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Dairy Facts 2016

FDA Proposes Additional Updates to Nutrition Facts Panel

Jul 29, 2015

The Food and Drug Administration published on Monday two proposed rules that would make further changes to updates to the Nutrition Facts panel that the agency proposed last year. One would mandate a percent Daily Value declaration for added sugars and define the term Percent Daily Value (%DV) in a footnote on the label. The other proposed a reopening of the comment period for 60 days for the sole purpose of inviting public comments on two consumer studies that FDA conducted related to added sugars declaration and the %DV footnote.

The new rules were based on the report from the 2015 Dietary Guidelines Advisory Committee and the results from the two consumer studies, which were also released on Monday.

The Dietary Guidelines report recommended that Americans should limit added sugar intake to less than 10 percent of dairy calories. Based on that report, FDA has recommended a Daily Value for added sugars of 50 grams for people aged four and older, with a Daily Value of 25 grams for children between the ages of one and three. FDA also proposed a mandatory declaration of percent Daily Value for added sugars in the Nutrition Facts panel to help consumers understand their added sugars intake in the context of their total diet.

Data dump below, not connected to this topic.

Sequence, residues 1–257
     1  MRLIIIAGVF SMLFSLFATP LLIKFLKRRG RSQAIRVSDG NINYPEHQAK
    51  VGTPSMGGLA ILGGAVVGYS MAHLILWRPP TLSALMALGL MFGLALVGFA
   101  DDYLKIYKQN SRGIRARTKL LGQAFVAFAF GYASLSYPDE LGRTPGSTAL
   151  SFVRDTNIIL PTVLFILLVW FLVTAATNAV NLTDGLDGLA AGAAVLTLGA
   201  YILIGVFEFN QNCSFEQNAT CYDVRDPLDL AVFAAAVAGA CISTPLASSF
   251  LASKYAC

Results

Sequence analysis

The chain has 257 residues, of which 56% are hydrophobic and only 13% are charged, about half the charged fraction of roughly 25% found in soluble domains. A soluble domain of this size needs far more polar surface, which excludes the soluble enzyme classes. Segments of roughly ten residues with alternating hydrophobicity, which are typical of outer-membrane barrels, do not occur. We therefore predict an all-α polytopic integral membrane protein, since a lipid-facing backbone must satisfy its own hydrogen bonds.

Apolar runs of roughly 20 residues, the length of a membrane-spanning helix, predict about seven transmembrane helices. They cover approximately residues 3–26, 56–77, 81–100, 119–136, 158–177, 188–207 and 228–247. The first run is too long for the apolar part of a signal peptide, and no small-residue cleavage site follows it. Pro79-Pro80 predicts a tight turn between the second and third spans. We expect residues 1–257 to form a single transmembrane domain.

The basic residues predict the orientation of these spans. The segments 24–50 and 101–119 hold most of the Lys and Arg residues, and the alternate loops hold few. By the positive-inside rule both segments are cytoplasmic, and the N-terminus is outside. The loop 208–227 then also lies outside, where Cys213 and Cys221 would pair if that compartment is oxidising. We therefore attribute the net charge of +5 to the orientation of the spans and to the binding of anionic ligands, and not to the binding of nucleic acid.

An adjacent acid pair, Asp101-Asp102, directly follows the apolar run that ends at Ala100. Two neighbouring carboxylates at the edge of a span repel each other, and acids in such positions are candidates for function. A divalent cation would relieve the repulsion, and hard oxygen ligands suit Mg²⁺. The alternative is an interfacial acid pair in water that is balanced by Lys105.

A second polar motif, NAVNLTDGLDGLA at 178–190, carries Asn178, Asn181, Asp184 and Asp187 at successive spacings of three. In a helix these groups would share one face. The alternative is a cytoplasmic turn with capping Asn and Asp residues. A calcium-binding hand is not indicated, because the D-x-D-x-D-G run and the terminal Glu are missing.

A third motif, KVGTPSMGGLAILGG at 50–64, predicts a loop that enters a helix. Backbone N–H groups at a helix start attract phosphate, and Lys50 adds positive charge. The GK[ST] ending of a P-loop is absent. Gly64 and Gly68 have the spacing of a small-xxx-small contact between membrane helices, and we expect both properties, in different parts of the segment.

In addition, the supplemental proposed rule would consider substituting the term “Total Sugars” for “Sugars” in the Nutrition Facts panel if added sugars content is required and would withdraw an alternate format that would group nutrients under category headings such as “avoid too much” and “get enough of.”

FDA previously proposed to remove the requirements for a footnote listing the reference values of certain nutrients for 2,000-calorie and 2,500-calorie diets and reserved space at the bottom of the Nutrition Facts panel for a new footnote based on consumer research to help consumers better understand the meaning of “%DV.” The proposed footnote would read, “*The % Daily Value tells you how much a nutrient in a serving of food contributes to a daily diet.”

Comments on the supplemental proposed rule are due by October 13, 2015. and comments on the two consumer studies are due on September 25, 2015.

“IDFA plans to submit written comments on the supplemental proposed rule that are consistent with our initial submission to FDA opposing added sugars,” said Cary Frye, IDFA vice president of scientific and regulatory affairs. “No scientific support exists for distinguishing between ‘added sugars’ and ‘naturally occurring’ sugars. All sugars have the same nutritional impact – a gram of sugar is a gram of sugar – and the body doesn’t distinguish a difference between naturally occurring and added sugars.”

If FDA does finalize the added sugars requirement, IDFA said in its previous comments that the definition would need significant revision. IDFA also said lactose and milk ingredients containing lactose, such as dried milk, concentrated milk and whey, should not be included in the added sugars definition.

Members with questions may contact Frye at or Michelle Matto, IDFA’s nutrition and labeling consultant, at

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